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'The Goldbergs' Star Hayley Orrantia Talks New Song 'Nights and Weekends,' Reveals Her Dream Collaboration

2019 Preakness Stakes: Why Kentucky Derby Winner Country House Is Not Running

There will be no Triple Crown in horse racing this year, since the 2019 Kentucky Derby winner Country House will not be participating in Saturday's Preakness Stakes in Baltimore. It is the first time since 1996 that the Derby winner will not be racing at Pimilco Race Course.

Country House's trainer, Bill Mott, said the horse will not race in the Preakness just three days after the Derby, citing an illness.

"He developed a little bit of a cough this morning," Mott told Daily Racing Form on May 7. "He appetite is good. He doesn't have a fever. But he's coughing. We drew blood. He's acting like he's going to get sick. He's off the training list, and if he's off the training list he's off the Preakness list."

Mott continued, "It's probably a little viral thing. Hopefully it doesn't develop into anything serious. Usually when something like this happens a horse misses a couple weeks of training. He's not seriously sick right now. But he's showing indications that something is going on."

It's not clear when Country House will run again. This week, assistant trainer Kenny McCarthy said the horse was ready for "some light training" after he was examined at the Rood & Riddle Equine Hospital in Lexington, Kentucky.

Country House won the Kentucky Derby on May 4 in stunning fashion. Maximum Security crossed the finish line first, but was disqualified after the race because he veered into other horses' lanes, pushing the field further from the inside track. The judge ruled that it cost horses War of Will and Long Range Toddy better finishes. Since Country House finished second, the horse and jockey Flavien Prat were declared the new winner.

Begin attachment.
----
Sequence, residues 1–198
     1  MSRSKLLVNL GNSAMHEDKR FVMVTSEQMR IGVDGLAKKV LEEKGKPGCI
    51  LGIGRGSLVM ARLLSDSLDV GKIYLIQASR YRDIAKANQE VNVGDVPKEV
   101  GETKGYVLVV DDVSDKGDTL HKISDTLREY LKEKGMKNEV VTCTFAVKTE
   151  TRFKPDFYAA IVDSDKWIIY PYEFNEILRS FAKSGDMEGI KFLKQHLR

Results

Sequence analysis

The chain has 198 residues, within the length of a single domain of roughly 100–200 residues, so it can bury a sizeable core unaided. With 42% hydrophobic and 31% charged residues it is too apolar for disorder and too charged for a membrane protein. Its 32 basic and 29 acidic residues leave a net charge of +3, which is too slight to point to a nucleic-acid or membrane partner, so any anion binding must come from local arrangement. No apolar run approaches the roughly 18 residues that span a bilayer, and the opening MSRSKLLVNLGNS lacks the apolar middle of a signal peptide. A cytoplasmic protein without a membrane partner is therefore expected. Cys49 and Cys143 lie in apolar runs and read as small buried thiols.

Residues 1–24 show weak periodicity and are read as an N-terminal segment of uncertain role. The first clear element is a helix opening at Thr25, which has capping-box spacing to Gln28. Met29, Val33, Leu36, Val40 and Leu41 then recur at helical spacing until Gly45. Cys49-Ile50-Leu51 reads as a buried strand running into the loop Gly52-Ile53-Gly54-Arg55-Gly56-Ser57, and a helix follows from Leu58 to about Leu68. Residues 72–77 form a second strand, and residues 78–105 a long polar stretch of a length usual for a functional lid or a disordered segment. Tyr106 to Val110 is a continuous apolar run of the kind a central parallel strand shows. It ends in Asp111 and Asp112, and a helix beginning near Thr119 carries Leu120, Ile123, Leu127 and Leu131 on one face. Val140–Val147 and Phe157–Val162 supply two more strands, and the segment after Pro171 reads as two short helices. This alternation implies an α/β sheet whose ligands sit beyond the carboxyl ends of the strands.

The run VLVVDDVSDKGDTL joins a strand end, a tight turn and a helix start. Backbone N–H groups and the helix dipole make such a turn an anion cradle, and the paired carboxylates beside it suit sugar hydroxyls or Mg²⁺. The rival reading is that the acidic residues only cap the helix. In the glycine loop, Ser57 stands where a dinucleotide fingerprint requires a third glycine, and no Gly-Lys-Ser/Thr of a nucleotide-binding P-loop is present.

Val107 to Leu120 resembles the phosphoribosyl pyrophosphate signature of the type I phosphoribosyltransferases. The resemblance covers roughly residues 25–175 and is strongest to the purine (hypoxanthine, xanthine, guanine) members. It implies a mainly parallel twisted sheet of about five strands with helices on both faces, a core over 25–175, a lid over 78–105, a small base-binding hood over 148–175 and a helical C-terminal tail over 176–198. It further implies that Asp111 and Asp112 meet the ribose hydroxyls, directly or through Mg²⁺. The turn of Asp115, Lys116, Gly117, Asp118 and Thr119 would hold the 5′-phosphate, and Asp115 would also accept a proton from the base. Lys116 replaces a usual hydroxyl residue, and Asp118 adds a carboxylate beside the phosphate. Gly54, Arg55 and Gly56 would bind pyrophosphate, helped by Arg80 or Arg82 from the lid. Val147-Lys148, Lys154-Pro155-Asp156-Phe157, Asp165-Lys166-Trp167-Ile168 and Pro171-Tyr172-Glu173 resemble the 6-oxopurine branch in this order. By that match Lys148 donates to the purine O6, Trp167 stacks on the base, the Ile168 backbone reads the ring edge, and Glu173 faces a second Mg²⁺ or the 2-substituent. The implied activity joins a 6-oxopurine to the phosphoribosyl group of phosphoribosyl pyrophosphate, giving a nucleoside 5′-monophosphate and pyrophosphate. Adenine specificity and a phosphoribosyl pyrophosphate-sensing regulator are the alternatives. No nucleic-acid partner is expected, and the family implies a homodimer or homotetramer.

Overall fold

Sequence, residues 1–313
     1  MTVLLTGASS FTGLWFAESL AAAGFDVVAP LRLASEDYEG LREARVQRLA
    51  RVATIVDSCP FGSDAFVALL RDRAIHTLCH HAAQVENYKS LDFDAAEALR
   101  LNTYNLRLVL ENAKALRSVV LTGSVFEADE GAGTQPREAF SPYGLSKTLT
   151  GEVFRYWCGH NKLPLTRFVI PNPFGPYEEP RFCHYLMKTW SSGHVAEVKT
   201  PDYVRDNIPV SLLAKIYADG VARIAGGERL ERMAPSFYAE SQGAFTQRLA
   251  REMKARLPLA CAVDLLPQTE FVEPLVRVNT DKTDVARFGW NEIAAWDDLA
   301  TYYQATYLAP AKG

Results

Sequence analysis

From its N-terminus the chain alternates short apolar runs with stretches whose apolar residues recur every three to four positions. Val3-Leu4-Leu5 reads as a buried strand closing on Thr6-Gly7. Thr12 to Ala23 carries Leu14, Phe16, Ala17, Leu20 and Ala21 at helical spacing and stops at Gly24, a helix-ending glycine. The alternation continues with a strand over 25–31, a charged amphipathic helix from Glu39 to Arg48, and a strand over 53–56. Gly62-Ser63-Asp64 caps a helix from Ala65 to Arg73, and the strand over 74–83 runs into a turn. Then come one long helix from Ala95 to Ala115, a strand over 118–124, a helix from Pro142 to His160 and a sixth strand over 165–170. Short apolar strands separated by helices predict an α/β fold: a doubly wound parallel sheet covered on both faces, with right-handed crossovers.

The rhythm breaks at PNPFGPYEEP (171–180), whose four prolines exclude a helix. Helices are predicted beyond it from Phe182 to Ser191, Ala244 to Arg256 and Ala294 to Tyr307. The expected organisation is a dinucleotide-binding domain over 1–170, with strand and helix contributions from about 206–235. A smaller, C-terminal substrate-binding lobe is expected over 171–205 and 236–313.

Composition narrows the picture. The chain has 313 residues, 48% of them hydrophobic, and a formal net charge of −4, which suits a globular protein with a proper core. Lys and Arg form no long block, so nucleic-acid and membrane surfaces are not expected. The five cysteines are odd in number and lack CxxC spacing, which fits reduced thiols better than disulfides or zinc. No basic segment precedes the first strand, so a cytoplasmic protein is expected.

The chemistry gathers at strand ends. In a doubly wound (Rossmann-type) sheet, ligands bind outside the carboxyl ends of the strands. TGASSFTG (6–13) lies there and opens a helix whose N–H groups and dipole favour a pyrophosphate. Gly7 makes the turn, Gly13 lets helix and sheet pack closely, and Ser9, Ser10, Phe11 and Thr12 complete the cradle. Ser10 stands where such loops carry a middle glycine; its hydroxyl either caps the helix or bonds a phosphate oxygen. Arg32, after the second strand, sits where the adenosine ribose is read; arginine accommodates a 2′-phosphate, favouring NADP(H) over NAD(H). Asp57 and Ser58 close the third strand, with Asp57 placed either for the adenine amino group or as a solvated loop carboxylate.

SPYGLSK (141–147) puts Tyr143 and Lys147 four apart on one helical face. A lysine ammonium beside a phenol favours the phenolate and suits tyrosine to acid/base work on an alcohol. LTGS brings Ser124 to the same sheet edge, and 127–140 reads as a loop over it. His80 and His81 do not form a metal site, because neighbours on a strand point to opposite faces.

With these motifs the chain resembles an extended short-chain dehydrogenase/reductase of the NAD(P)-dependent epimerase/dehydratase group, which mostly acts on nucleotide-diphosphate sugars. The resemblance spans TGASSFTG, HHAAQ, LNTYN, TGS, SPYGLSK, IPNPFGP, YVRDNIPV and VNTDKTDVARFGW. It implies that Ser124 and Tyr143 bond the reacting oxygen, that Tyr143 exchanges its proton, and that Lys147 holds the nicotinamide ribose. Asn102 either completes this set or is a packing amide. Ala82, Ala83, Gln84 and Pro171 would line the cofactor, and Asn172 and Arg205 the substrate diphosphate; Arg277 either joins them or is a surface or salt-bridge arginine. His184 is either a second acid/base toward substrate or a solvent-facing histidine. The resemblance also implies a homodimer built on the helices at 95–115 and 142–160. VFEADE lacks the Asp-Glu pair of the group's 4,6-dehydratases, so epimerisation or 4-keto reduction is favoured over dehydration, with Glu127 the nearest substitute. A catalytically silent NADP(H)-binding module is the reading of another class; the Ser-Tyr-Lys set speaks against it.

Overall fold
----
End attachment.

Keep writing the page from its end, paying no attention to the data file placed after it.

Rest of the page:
Notably, Maximum Security is also not participating in the Preakness. Ben Glass, the racing manager for owners Gary and Mary West, said the horse suffered abrasions on his hind legs during the Derby.

"If he’s not cut up in the hind legs, we probably would have gone to the Preakness," Glass told Horse Racing Nation.

The last horse to win the Kentucky Derby then miss the Preakness was Grindestone, who won the Derby in 1996. The horse was forced to retire early after bone chips were found in his knees, reports CBS Sports.

The Triple Crown of thoroughbred horse racing starts with the Kentucky Derby, then the Preakness Stakes and finishes with the Belmont Stakes in Elmont, New York. There have only been 13 Triple Crown winners since the first in 1919, and there was a drought between 1978 and 2015. The last two winners were American Pharoah in 2015 and Justify in 2018.

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The Preakness Stakes starts at 6:48 p.m. ET on NBC.

Photo credit: Andy Lyons/Getty Images